DOCTORS, nurses, teachers and civil servants across Scotland face a blanket pay freeze from April next year under moves being proposed by the Conservatives to cope with public-sector cutbacks.
Any public-sector worker earning more than 18,000 would have to accept a freeze if the move, already proposed by the Tories in England, is enacted north of the Border.
The Conservatives will demand the measure as the price for their support for an SNP budget next year, The Scotsman has learned.
The move has a good chance of being enacted as First Minister Alex Salmond's minority government will almost certainly require Tory backing to get its budget through the parliament.
The call for a pay freeze will be made by Scots Conservative leader Annabel Goldie in a speech this evening, when she will warn the coming public sector cutbacks are likely to hit hard.
The Conservatives said last week they would begin to cut public sector spending "from day one" if they won the general election, in order to reduce Britain's 175 billion budget deficit.
Labour, too, has warned that cuts will have to be deep. Chancellor Alistair Darling said yesterday people should be in "no doubt" that a Labour government would commit to its own cutbacks. Figures of 17 per cent reductions in departmental spending have not been contradicted by officials.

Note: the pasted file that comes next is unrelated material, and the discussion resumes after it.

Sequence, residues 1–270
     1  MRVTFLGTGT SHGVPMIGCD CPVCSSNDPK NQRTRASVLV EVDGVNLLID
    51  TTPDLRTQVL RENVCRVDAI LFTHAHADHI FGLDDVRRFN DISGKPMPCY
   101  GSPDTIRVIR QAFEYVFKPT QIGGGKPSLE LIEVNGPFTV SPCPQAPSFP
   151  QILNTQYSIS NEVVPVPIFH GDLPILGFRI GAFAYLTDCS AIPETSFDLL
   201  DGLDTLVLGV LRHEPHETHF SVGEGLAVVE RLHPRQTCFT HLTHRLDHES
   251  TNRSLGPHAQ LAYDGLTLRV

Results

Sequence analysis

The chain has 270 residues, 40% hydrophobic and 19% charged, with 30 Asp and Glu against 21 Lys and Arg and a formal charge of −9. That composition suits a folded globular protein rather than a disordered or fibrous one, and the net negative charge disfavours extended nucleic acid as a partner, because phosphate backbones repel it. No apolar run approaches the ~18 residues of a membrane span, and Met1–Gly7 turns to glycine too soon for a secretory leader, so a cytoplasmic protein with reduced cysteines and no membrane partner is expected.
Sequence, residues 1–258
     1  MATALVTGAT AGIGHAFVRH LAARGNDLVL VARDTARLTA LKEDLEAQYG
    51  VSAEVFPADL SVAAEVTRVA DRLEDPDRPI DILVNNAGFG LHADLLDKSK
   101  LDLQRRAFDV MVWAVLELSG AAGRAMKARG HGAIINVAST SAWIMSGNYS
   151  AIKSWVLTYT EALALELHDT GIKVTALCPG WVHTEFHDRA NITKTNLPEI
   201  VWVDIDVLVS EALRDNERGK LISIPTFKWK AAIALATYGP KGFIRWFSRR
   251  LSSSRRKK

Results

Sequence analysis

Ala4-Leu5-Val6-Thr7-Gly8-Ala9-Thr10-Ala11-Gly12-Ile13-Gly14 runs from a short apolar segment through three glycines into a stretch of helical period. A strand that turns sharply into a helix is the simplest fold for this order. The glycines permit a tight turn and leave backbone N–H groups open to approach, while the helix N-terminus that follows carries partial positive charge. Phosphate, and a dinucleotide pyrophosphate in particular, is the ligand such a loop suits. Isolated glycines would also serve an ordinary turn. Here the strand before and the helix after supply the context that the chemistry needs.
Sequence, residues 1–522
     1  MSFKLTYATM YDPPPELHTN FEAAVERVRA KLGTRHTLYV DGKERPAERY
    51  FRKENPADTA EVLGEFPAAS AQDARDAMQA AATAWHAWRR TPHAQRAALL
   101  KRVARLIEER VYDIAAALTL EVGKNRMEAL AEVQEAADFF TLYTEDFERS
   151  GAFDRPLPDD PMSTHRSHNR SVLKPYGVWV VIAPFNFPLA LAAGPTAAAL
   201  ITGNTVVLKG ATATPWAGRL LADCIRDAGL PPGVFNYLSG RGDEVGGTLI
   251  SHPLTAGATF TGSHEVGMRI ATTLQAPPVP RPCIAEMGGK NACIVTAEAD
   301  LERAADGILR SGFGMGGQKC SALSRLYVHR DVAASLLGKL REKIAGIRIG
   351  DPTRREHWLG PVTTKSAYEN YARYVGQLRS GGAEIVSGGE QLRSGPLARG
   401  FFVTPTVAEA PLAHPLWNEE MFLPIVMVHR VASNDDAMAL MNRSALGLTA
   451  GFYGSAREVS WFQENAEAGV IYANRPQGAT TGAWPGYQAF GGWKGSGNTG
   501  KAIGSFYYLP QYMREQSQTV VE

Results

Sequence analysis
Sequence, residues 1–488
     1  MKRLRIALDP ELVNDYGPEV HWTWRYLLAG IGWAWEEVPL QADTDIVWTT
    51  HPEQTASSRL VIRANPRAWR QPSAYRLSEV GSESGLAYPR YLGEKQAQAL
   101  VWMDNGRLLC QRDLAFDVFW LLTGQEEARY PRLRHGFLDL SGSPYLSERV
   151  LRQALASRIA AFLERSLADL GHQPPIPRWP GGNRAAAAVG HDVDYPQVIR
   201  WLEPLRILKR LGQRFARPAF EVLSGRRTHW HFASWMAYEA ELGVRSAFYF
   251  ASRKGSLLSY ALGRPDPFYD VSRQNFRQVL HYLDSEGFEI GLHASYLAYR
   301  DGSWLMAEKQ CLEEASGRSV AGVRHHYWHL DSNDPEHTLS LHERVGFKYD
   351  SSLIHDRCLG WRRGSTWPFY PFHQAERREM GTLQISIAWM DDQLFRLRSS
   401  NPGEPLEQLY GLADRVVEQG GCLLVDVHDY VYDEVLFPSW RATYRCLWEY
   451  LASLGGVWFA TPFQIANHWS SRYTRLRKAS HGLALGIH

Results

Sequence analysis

In Scotland, the SNP government has said the best-paid public servants may have their pay frozen this coming financial year but has so far held out against calls for a more widespread freeze.
However, Ms Goldie will warn: "We must spend less. That is why I believe we must freeze public sector pay in Scotland in 2011-12 for people who earn over 18,000.
"This freeze is not about penalising people – it is about saving people's jobs. A pay freeze on this scale is the equivalent of saving 10,000 jobs. I would rather people were in work with a pay freeze than out of work with no pay at all."
Calls for a pay freeze have already been backed by the Centre for Public Policy for Regions think tank.
However, Scottish Labour leader Iain Gray, MSP, said his party would oppose any freeze. He said: "The Tory plans will actively damage the economy by taking the money out of the pockets of hard-working Scottish families."